Fitting in Our Community

“Such as I am, I am a precious gift”   – Zora Neale Hurston

With our research in Kaldi’s at the Depot on Emory University’s campus, our group aimed to answer the question of whether or not this college eatery is in fact an accurate representation of the Emory community. In our group project, we represented both our process in answering this question as well as the research and responses we garnered. Our project combined a physical piece, as well as a handwritten song and poem to carry our research. The physical piece of art ended up as four squares shaped like puzzle pieces that come together but do not “fit” like puzzle pieces should.

In this puzzle, we wanted each member to have her own piece in which she could describe her identity using art. By using pictures, drawings, painting, or song lyrics (more on this later), these various mediums enabled us to describe ourselves by use of physical means. For example, Allison wrote about her identity in her proposal. She explained how portions of her identity often conflict with one another, specifically using the example of being Jewish but not of the same socio-economic status as many of her peers. In her puzzle piece, Allison decided to expand upon these parts of her identity and add other parts as well. She also bring in her interests and passions to underscore her unique identity in contrast to others. Whether the parts of our identities we can see from the outside or those that come from within, we wanted our pieces of the puzzle to describe us. As we visually described these identities on our various puzzle pieces, they were placed, as can be seen in photos, to come together but not fit. We think this describes our experiences at Emory: we all come together with our different views and passions, but we don’t fit exactly right. And we believe this is exactly what our research from Kaldi’s represents: Emory tries to create a close community, but it is difficult for Kaldi’s to encompass all our identities in a clean manner. Some of us are left out and we don’t fit just right.

To complete this project, we utilized the artists’ cottage near the Schwartz Center for Performing Arts as a meeting ground. We had to be a bit creative in our materials as the cottage did not have everything we were looking for. All of our group members were involved in this production as each member creates their own “puzzle piece” – call it the ideal group project, if you will. This puzzle piece will be a representation of each of our own identities. We each made our own puzzle pieces that would later be connected to each other in the final project.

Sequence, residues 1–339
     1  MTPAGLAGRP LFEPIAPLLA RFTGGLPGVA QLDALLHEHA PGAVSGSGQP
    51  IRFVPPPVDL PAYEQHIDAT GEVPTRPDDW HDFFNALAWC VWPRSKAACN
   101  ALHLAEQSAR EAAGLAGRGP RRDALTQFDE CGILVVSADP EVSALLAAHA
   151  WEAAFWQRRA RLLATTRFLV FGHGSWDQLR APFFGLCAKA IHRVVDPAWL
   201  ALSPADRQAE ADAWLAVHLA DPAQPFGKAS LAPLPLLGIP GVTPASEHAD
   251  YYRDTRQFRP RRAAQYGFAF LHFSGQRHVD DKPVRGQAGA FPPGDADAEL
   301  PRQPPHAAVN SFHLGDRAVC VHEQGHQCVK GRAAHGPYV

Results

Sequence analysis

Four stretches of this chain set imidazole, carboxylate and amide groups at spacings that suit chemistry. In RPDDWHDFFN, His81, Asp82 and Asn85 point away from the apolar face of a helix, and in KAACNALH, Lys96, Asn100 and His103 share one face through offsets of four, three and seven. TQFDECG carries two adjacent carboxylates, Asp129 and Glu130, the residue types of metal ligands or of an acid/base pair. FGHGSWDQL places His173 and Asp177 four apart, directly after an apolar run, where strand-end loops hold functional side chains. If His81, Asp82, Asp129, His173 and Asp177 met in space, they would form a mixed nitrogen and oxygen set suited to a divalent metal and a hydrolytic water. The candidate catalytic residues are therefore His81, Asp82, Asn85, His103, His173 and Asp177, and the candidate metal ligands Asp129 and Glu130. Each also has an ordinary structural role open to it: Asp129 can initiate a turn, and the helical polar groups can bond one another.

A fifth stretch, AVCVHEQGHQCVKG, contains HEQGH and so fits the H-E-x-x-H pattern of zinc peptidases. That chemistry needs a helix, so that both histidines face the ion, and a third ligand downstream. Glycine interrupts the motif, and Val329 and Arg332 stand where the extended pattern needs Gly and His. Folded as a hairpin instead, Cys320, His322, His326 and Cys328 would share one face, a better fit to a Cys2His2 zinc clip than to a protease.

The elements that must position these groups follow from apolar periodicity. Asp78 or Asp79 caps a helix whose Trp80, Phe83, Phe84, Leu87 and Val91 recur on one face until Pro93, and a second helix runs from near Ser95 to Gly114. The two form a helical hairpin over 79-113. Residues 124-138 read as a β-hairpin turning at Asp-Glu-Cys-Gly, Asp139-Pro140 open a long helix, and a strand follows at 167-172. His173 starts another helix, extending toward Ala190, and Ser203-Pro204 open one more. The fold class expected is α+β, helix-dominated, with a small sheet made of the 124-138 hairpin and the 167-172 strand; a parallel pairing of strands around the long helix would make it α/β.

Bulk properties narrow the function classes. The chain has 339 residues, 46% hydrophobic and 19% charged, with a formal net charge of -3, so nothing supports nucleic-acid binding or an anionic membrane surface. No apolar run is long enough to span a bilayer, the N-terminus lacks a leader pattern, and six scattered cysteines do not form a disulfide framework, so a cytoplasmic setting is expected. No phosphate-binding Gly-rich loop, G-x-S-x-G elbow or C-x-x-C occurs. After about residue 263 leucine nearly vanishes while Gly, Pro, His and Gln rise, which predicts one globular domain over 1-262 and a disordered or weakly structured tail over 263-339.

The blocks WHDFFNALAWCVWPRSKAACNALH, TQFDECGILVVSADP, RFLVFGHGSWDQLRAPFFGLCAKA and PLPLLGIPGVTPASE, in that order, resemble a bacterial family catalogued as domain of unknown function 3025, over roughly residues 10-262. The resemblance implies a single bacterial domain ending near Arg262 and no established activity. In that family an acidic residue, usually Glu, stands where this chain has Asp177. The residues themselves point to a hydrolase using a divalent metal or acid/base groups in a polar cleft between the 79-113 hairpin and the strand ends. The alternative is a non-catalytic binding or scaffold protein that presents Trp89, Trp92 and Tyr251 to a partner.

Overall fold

Some potential roadblocks we faced included time constraints and the inclusion of both fine and digital art in our final artwork. Time was possible roadblock because we are all busy college students and we certainly found difficulty in figuring out a good time when we could meet at the cottage as a full group. Another roadblock we faced was our ability to include both fine and digital art in our project. The project guidelines favored artwork that is defined as fine art. However, in order to truly artistically portray our observations of the people in The Depot by Kaldi’s Coffee, our group desired to use pictures or images from other mediums like the internet and magazines. The roadblock that we needed to overcome from this was simply finding the balance between the two, which we think we did rather successfully.

Our production of the physical portion of this project began as soon as Professor Morris received the key to the cottage. We tried to meet least once a week until the project was due but ideally met twice a week when possible. (In addition to the project, we needed to complete additional field notes for the final portfolio and for the benefit of our projects.) Simultaneously, Ayana was the primary group member responsible for the song portion of our project. Of course we all collaborated to produce this portion, but the song will really serve as the majority of Ayana’s “piece of the puzzle.” Allison wrote a poem to balance out the project with a portion that focused primarily on those we interviewed and study.

The song was used to demonstrate how the transition of the eatery happened over time as well as students’ views on these changes. Therefore, the song was designed to be an argumentative piece since the students often had opposing views. These views were pulled from the interviews that Ayana conducted over the time of the project and from articles read about the eatery on Emory’s Wheel website. When paired with puzzle pieces, the song showed how it is difficult for everyone’s identity to be represented and accounted for when the transitions of the eatery took place.